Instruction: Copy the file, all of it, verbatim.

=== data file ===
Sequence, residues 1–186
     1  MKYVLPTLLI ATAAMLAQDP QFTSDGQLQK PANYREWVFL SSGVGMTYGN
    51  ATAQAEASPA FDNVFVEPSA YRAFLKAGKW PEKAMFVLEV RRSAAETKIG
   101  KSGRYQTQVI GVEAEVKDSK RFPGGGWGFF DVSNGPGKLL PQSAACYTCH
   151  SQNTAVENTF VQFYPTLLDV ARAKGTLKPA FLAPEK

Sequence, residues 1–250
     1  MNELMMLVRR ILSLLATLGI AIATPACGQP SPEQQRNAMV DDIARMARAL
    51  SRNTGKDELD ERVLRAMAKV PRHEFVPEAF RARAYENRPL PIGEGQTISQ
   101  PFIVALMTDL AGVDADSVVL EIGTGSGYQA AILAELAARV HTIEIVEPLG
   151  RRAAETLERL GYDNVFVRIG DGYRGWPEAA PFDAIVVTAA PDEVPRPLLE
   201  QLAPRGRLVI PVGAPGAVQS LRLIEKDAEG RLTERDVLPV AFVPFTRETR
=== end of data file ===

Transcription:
Sequence, residues 1–186
     1  MKYVLPTLLI ATAAMLAQDP QFTSDGQLQK PANYREWVFL SSGVGMTYGN
    51  ATAQAEASPA FDNVFVEPSA YRAFLKAGKW PEKAMFVLEV RRSAAETKIG
   101  KSGRYQTQVI GVEAEVKDSK RFPGGGWGFF DVSNGPGKLL PQSAACYTCH
   151  SQNTAVENTF VQFYPTLLDV ARAKGTLKPA FLAPEK

Sequence, residues 1–250
     1  MNELMMLVRR ILSLLATLGI AIATPACGQP SPEQQRNAMV DDIARMARAL
    51  SRNTGKDELD ERVLRAMAKV PRHEFVPEAF RARAYENRPL PIGEGQTISQ
   101  PFIVALMTDL AGVDADSVVL EIGTGSGYQA AILAELAARV HTIEIVEPLG
   151  RRAAETLERL GYDNVFVRIG DGYRGWPEAA PFDAIVVTAA PDEVPRPLLE
   201  QLAPRGRLVI PVGAPGAVQS LRLIEKDAEG RLTERDVLPV AFVPFTRETR